Thursday, November 30, 2006

Paul Walker's (and God's) Grace

“I don’t want to sound like a mystic,” says Paul Walker, one of the writers behind a new show set for the former home of The Sick and Indigent Roomkeepers Society, at the Gates of Dublin Castle. “But I do believe that rooms retain some sort of residue of the things that happened there.”

God’s Grace, which Walker describes as “a Christmas fable” is the latest show from Semper Fi, the innovative theatre company, whose show have previously brought their audiences to unexpected venues from an abandoned warehouse in the docklands, to a public convenience on Stephens Green.

The show’s origins are every bit as unconventional as its staging. It began life as a series of emails between Walker and co-writer, Eugene O’Brien (best know as the author of the award-winning, Eden). “I’d write two or three pages and then email them off to Eugene and he’d write two or three back, letting the characters tell me where he wanted it to go. And we carried on like that…”

Finally, however, when The Sick and Indigent Roomkeepers Society premises was chosen for the show, things began to take shape. Scouting the house, the writers found that as they walked about, certain rooms contained certain “atmospheres,” suggesting themselves for scenes in the show.

“We are rehearsing somewhere else at the moment,” says Walker, “and you are really aware that one of the characters is missing. Because until we all get into the house, we won’t have all the atmospheres right.” Not that he want to appear mystical about the whole thing…

“But everyone has felt that kind of thing. Say, you know, you go househunting and you’re in a house and it seems very nice. And then, you walk into one room and something there feels a bit off, a bit cold and odd…I don’t know the physics of it, but it certainly happens.”

The play, which features Andrew Bennett among other, centres on the way in which one family’s carefully hidden secrets – despite steady efforts at suppression -- bubble to the surface amongst the Christmas festivities.

Similar spooky goings on appear to be at the heart of the writer’s other current project. After writing on RTE’s two-part Stardust drama earlier this year, Walker is currently developing a new drama on the subject of the American government’s “extraordinary rendition” flights through Shannon airport.

“It is based on hearsay and rumour, rather than facts,” says Walker. None the less, his experience writing the piece, which delves into the frightening world of what exactly went on inside the secret American planes that landed at Shannon, has left him with a strong impression of fabrication and cover-up. And even of being personally under surveillance.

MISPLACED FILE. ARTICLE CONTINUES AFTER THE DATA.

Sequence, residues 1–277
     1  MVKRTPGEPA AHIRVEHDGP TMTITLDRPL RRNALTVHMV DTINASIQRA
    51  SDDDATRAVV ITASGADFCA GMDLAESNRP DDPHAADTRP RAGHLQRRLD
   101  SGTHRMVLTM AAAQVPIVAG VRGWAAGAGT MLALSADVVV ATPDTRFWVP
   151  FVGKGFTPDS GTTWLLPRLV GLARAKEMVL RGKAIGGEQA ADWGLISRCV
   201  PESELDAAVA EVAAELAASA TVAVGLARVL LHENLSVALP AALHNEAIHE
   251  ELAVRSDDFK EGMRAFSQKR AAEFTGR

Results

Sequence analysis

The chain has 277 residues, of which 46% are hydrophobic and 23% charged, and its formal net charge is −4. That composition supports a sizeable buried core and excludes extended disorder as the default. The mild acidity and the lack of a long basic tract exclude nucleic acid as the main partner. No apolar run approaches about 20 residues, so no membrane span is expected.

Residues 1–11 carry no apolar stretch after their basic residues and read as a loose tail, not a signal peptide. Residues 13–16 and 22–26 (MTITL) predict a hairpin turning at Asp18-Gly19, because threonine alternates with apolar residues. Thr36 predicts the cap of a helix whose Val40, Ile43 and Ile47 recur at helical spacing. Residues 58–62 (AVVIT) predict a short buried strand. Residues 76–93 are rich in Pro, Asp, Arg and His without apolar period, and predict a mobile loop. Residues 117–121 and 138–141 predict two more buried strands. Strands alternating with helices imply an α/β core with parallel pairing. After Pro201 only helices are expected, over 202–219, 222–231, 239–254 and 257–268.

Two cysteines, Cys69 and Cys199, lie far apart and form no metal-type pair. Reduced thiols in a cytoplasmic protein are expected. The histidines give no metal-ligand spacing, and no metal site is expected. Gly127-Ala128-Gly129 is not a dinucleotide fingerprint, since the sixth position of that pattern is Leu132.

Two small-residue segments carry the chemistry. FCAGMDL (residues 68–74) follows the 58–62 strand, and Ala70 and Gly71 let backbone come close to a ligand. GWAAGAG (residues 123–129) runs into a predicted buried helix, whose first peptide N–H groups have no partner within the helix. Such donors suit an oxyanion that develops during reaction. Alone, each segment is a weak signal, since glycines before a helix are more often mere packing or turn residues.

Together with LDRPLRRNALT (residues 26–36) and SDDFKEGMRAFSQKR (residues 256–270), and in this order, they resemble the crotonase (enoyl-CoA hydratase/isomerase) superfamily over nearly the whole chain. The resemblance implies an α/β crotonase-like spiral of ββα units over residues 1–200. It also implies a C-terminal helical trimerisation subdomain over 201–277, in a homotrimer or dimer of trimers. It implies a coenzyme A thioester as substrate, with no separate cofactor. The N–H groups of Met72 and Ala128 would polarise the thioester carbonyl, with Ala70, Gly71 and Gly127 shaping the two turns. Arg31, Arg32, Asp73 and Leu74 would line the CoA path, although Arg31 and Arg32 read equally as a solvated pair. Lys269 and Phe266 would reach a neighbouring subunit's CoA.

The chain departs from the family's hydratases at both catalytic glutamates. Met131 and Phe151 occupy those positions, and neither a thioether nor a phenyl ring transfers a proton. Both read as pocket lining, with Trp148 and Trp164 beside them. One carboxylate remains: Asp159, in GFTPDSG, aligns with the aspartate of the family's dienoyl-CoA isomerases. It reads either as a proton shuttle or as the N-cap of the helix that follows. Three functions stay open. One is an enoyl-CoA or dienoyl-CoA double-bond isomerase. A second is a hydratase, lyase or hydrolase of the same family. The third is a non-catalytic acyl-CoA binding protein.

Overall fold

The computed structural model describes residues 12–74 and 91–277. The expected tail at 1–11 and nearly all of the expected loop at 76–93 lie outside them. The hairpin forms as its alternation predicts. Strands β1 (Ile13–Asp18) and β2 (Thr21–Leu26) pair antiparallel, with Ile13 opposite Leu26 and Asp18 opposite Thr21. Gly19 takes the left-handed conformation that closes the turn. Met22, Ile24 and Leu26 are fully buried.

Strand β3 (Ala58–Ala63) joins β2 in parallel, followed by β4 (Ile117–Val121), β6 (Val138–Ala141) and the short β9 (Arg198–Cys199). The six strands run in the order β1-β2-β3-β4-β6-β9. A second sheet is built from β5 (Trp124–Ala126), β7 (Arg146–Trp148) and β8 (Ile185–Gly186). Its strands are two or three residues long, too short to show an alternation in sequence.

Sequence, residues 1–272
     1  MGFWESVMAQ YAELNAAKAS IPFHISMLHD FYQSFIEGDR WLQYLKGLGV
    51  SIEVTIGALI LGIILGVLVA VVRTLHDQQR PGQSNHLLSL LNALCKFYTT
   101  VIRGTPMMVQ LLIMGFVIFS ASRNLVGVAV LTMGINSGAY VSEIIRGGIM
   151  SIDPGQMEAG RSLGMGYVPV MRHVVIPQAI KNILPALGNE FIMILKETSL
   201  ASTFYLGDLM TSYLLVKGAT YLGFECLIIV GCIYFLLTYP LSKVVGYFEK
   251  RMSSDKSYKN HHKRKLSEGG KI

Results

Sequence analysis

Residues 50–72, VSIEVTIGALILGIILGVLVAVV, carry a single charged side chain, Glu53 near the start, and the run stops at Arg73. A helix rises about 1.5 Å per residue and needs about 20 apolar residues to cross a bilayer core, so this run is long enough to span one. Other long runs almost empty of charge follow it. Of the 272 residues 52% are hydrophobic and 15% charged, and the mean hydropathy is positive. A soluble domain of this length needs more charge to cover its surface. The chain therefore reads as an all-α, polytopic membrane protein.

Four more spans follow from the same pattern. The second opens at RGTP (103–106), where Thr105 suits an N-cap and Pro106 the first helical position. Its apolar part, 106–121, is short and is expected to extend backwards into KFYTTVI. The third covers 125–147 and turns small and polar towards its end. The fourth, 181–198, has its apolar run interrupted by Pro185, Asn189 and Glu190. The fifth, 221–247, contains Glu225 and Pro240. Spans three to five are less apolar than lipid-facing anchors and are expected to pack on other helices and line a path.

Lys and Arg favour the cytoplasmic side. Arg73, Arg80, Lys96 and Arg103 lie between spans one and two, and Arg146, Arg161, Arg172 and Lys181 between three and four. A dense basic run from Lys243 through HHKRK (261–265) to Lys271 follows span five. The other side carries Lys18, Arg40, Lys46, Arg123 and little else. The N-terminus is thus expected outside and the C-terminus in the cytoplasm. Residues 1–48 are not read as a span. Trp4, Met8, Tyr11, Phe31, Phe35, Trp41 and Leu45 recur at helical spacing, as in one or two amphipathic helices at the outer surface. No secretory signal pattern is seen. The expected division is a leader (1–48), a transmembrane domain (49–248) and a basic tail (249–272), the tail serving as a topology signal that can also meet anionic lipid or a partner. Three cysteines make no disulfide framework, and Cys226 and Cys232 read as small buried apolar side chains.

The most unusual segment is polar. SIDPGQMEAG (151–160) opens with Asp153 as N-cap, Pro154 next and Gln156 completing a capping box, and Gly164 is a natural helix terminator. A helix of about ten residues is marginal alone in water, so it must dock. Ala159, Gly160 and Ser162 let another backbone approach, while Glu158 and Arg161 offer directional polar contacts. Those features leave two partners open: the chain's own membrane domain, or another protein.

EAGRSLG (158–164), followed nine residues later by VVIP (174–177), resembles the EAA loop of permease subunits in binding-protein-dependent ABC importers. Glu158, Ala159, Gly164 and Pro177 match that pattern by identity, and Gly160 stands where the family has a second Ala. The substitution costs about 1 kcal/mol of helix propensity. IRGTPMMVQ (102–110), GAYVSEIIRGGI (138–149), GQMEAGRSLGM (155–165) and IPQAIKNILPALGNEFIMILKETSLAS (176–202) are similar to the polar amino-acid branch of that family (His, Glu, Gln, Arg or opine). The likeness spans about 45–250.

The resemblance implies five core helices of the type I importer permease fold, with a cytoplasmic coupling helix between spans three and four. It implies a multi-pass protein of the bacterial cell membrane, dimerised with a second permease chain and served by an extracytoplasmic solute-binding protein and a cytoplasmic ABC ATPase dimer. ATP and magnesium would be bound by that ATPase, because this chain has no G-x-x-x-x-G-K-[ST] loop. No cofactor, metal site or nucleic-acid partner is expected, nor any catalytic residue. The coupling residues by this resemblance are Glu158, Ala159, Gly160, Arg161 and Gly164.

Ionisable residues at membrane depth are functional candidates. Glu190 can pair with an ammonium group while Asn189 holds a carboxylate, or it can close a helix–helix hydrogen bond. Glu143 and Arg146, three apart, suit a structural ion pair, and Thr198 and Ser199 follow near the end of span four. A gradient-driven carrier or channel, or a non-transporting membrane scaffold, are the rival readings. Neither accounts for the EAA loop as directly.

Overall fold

“You wouldn’t need to be a conspiracy theorist to notice some of the odd things that have happen. Information that’s on a web site one day and is removed the day after you look at it…sometimes you feel that they are right inside your computer…”

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Monday, November 20, 2006

REVIEW: The Flaming Lips (Vicar Street, Dublin)

The faces of every party gadget manufacturer in Taiwan must light up when Wayne Coyne and co show up, shopping for a new stage show. The Flaming Lips clearly spend life on constant watch for wacky stuff to amuse us, like ideal uncles, always looking out for cool gifts for the kids.

Tonight, alongside the stageside regiment of girls dressed as metallic mini-skirted aliens, another battalion of Santas, some smoke-spewing blunderbusses and a flock of enormous crowdsurfing balloons, each of us has been given a laser pointer. Don’t use them all up straight away, Coyne warns us in a pre-show pep talk, we’ve a really cool thing we want to do with them later.

And then, with everybody equipped and informed, the show explodes in the scifi psychedelia of Race for the Prize, the air is suddenly thick with confetti and bouncing balls and Marvel characters who leap from the stage to begin marching around the auditorium.

What is on offer here is more than the chance to hear live versions of the favourites – though all the anthems, from the antique power pop of She Don’t Use Jelly, via the blissful Do You Realise, to the teetering-towards-twee, My Cosmic Autumn Rebellion, are all present and splendidly incorrect.

But even if you the band serve up what amounts to a greatest hits show, the main satisfaction here is still in joining in this freaky communal happening. And tonight that involves not just some dancing and a singalong, but that laser trick, for which Coyne encourages everybody to “shoot” him with their little gadgets, only to appear with a mirror, sending a dancing haze of red beams around the darkened hall.

It works spectacularly well, like so much of the show, not because of the stupefying amounts spent on it – take a bow, U2 – but because it’s a good idea executed with the sole aim of seeing just how much fun a roomful of people can have when they play together. Plenty, is the answer.


Thursday, November 16, 2006